Asymmetric nanoparticle oxidation observed in-situ by the evolution of diffraction contrast

AR Poerwoprajitno and N Baradwaj and MK Singh and CB Carter and DL Huber and R Kalia and J Watt, JOURNAL OF PHYSICS-MATERIALS, 6, 045013 (2023).

DOI: 10.1088/2515-7639/ad025f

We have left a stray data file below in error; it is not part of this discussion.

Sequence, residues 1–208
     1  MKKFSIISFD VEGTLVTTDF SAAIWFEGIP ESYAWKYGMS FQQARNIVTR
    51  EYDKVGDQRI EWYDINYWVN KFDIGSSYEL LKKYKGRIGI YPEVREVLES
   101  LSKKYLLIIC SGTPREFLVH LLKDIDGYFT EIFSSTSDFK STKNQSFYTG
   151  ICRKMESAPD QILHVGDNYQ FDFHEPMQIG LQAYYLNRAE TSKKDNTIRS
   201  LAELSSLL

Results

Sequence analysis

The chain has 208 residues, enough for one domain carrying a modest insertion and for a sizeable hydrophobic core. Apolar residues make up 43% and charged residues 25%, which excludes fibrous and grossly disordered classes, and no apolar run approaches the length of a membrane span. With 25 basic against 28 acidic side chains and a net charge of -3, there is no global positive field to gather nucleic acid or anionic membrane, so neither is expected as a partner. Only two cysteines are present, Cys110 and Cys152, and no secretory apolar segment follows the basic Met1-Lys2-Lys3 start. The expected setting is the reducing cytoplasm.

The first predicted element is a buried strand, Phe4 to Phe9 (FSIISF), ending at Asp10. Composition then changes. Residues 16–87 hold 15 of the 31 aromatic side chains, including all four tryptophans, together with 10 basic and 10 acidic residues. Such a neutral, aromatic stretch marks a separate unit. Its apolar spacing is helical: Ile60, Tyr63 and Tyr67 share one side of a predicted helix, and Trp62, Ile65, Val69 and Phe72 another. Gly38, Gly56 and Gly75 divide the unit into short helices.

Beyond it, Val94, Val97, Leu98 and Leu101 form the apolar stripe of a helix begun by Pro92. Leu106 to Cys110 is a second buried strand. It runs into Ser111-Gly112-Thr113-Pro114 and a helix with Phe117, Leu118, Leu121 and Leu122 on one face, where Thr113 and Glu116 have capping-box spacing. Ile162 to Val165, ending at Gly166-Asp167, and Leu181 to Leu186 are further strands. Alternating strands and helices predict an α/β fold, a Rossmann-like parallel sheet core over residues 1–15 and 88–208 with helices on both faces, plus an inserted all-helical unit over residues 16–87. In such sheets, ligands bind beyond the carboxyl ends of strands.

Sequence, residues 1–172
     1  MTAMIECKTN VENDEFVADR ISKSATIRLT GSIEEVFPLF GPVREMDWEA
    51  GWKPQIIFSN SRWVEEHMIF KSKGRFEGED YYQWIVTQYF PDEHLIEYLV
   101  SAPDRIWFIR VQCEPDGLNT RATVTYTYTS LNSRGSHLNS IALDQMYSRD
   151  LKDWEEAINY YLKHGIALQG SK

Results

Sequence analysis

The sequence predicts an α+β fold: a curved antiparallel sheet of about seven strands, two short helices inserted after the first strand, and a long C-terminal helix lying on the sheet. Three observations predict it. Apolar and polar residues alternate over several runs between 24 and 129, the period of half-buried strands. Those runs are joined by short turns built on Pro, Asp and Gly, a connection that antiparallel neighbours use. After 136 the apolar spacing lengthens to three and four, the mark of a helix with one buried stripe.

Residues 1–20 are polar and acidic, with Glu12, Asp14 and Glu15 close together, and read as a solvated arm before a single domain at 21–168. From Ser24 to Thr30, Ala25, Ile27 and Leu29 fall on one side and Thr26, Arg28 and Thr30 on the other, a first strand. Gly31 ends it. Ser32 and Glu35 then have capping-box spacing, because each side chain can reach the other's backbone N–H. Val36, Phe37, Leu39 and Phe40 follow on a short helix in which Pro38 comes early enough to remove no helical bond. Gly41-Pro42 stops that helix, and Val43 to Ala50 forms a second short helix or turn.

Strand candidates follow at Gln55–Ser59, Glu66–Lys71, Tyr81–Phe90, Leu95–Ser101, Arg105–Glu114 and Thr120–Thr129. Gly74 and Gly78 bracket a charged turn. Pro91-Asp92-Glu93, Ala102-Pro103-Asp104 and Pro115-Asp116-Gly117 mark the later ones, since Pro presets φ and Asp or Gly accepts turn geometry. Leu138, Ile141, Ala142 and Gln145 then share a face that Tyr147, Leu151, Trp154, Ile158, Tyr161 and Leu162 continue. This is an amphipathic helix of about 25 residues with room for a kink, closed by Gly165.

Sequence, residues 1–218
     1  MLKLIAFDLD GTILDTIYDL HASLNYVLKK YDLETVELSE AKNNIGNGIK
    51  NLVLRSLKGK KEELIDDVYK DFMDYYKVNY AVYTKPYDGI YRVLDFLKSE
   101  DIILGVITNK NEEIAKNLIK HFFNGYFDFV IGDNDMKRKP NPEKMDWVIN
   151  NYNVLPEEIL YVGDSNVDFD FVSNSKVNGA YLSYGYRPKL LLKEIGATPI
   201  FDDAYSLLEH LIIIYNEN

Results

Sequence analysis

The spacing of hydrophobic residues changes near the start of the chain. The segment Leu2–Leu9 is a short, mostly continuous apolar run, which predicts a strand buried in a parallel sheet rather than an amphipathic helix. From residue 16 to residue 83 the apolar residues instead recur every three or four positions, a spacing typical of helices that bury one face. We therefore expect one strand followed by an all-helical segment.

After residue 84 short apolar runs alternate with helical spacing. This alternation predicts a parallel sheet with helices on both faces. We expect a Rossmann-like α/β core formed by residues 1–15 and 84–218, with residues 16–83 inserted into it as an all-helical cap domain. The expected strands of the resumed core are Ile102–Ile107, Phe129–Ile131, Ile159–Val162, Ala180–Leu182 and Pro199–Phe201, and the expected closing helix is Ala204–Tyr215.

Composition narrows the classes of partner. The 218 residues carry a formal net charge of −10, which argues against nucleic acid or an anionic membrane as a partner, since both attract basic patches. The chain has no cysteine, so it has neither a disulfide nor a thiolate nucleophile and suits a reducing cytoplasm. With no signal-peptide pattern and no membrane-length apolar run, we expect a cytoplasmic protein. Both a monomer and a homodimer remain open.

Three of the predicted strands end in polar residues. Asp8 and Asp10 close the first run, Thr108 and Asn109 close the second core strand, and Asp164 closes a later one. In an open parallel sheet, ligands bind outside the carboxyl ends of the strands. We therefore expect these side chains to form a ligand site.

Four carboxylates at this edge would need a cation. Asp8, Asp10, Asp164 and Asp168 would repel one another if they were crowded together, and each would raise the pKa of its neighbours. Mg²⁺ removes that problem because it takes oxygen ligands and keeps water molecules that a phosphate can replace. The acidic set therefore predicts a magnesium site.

The use of transmission electron microscopy (TEM) to observe real-time structural and compositional changes has proven to be a valuable tool for understanding the dynamic behavior of nanomaterials. However, identifying the nanoparticles of interest typically require an obvious change in position, size, or structure, as compositional changes may not be noticeable during the experiment. Oxidation or reduction can often result in subtle volume changes only, so elucidating mechanisms in real- time requires atomic-scale resolution or in-situ electron energy loss spectroscopy, which may not be widely accessible. Here, by monitoring the evolution of diffraction contrast, we can observe both structural and compositional changes in iron oxide nanoparticles, specifically the oxidation from a wustite-magnetite (FeO@Fe3O4) core-shell nanoparticle to single crystalline magnetite, Fe3O4 nanoparticle. The in-situ TEM images reveal a distinctive light and dark contrast known as the 'Ashby- Brown contrast', which is a result of coherent strain across the core- shell interface. As the nanoparticles fully oxidize to Fe3O4, the diffraction contrast evolves and then disappears completely, which is then confirmed by modeling and simulation of TEM images. This represents a new, simplified approach to tracking the oxidation or reduction mechanisms of nanoparticles using in-situ TEM experiments.

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